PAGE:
All Aboard

All Aboard

“All aboarddd!” The conductor drug out the final syllable with a dramatic flourish.

Darkness still hung in the sky. The sun had yet to make its appearance, and in the star’s absence, bright, garish streetlights illuminated the parking lot and loading platform, reflected off the train, and cast a long shadow from the conductor. Sleepy-eyed passengers shuffled to the open door like a group of zombies converging on a meal, train tickets wearily grasped in their hands. One by one they handed their tickets to the conductor, who ripped off the removable tops with a smile and cheerful greeting.

“Good morning, Mr. Matthews,” said the conductor, his enthusiasm insulting this early in the day.

“Mornin,” grunted Mr. Matthews, offering his ticket.

The conductor took it with a theatrical sweep of his hand, careful not to graze Mr. Matthews as he did so, and scanned the contents.

“Alright, Mr. Matthews. It looks like you’ll be sitting in 12A this morning.” The conductor ripped off the top and handed the ticket back. “Enjoy your ride.”

“Thanks.” When had they started assigning seats?

One step. Two steps. Mr. Matthews stood in the narrow aisle of the train, eyes squinted against the bright interior lights. Blue faded carpet. Rows of forward-facing gray vinyl fabric chairs that promised to be uncomfortable. The smell of hand sanitizer. Seats 1A and 1B were to his immediate left, identifying numbers labeled crispy on the edge of the overhead baggage rack. When had they started numbering the seats?

He trudged towards the back, passing glances at the passengers already seated.

2A. An elderly woman in a black mourner’s gown. Her eyes were closed, mouth agape with a sliver of drool hanging precariously from the edge.

4C and 4D. Two college-age boys with deep bags under their eyes, phones in hand and earbuds firmly inserted.

7B. A small girl by herself. She kicked her legs back and forth, feet far from the floor, as she stared out the window. Where were her parents?

9C. An attractive middle-aged woman with sharp features and long dirty-blonde hair done up in a bun. She wore cargo pants and a loose-fitting long-sleeve t-shirt. A bulging, orange hiking backpack occupied 9D. She glanced up at his approach and Mr. Matthews quickly returned his gaze down the aisle. Green eyes.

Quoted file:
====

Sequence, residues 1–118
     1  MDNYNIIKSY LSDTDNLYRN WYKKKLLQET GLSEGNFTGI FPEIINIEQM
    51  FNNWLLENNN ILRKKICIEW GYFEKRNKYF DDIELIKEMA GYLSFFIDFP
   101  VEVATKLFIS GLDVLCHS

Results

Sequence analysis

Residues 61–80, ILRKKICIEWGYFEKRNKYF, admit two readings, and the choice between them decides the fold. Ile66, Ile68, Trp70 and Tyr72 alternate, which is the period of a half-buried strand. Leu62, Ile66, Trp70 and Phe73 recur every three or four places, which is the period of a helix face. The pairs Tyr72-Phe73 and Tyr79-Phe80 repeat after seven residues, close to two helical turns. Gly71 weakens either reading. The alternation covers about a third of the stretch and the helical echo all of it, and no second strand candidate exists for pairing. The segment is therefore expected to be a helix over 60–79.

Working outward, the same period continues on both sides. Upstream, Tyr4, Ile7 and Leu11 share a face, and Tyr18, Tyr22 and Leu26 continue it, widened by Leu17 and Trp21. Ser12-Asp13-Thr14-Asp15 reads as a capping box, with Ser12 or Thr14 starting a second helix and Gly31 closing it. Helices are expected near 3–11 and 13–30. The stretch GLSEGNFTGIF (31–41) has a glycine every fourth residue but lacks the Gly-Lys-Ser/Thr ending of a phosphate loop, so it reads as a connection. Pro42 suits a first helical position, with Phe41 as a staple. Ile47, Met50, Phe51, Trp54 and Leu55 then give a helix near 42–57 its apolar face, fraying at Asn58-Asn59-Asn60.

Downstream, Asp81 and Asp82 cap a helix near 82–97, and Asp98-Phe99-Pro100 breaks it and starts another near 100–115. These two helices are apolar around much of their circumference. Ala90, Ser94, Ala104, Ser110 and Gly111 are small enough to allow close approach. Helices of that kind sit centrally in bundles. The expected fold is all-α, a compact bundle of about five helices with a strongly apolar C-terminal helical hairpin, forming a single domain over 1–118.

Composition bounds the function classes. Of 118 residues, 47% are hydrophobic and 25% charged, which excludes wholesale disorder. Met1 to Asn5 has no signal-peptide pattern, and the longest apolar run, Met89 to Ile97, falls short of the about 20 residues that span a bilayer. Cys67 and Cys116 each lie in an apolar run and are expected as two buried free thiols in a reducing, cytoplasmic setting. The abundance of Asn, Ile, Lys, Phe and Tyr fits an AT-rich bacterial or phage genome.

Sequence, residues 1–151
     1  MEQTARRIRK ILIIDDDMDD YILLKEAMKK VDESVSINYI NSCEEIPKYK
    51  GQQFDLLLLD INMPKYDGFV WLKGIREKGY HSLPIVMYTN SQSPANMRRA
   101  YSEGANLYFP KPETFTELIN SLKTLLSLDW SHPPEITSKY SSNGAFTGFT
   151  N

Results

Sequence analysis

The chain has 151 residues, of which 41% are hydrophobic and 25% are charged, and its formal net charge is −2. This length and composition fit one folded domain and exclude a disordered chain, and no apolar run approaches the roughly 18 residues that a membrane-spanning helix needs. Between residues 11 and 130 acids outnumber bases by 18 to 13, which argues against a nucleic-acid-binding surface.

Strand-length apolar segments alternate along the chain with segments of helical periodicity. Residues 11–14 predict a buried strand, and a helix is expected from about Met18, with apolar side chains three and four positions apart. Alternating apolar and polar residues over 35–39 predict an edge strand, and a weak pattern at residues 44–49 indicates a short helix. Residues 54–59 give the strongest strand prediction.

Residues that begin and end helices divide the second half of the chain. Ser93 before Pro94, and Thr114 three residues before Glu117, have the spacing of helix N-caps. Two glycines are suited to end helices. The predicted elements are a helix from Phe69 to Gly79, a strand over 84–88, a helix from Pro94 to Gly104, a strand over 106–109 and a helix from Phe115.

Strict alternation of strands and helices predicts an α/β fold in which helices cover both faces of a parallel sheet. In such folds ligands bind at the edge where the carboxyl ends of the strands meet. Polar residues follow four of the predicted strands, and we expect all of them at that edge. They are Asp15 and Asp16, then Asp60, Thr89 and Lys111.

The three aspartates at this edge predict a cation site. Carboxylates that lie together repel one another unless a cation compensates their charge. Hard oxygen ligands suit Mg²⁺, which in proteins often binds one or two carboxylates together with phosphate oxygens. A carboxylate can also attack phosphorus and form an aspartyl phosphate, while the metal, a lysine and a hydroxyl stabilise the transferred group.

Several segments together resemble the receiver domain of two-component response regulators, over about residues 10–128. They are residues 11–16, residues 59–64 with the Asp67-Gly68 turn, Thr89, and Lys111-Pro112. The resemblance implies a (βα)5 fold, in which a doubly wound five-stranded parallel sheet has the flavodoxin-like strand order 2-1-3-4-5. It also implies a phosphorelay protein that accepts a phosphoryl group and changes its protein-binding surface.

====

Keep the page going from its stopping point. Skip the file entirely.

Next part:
12A. Empty and ordinary.

12B. Full and extraordinary.

Mr. Matthews stood staring perplexed, his tongue darting over his cracked lips, throat suddenly dry.

In 12B's seat, cans and bottles stretched towards the ceiling, perilously stacked atop one another like some unfathomably balanced, malformed Jenga tower. And even though some of the containers faced away from him, Matthews knew what the contents of all of them were. The shapes, colors, names, and logos were all familiar, his longest standing friends gathered in one place for a surprise reunion.


Beer. IPAs. Seltzers. Vodka. Whiskey. Tequila, rum, gin, wine, cider, sake. Top shelf, bottom shelf, tap. Everyone was in attendance. Was this a sick joke? He looked back towards the entrance; other passengers were heading his way with shuffling steps and heads bowed. Apparently no one else’s seats had been tampered with, or at least they weren’t making a fuss about it. Mr. Matthews decided to take a seat. Better to unobstruct the aisle, don’t cause a scene, and then speak with the conductor once they came onboard.

But the conductor never entered. The stream of onboarding passengers subsided and as the last one took their seat, the door to outside slid closed.

Mr. Matthews glanced across the aisle to 12C and 12D. A middle-aged man in a wrinkled blue suit with his head titled back against the headrest. Nothing but a plain, weathered briefcase occupied the seat next to him. Staring at the man, Mr. Matthews realized with a start he didn’t have any luggage with him. Had he forgotten it in his car? The train let out a blaring whistle and began to inch forward. Too late now.

Mr. Matthews leaned forward to gain a view out the window past the obstructing tower of drinks. Immediately outside the window, in a patch of groomed grass, lay a red sedan flipped onto its top, roof caved in. Shattered glass encircled it like fallen stars. The back tires still spun tiredly, exhausted runners on their last leg of a race.  Not far from the car lay an orange hiking backpack, a warning cone to the accident. The car's paint looked blood red in the grim, early dawn lighting.

The train continued onward, unbothered by Mr. Matthews' mounting concerns, and the accident disappeared from his view. Mr. Matthews sat back against his seat, sweat forming in his armpits, the beginning of a headache tapping inside his skull. He gulped, tongue darting out, right hand twitching.

The neck of a bottle protruded towards 12A like a tempting rip cord, somehow its base pinned between two vertically upright cans.

Maybe just one drink.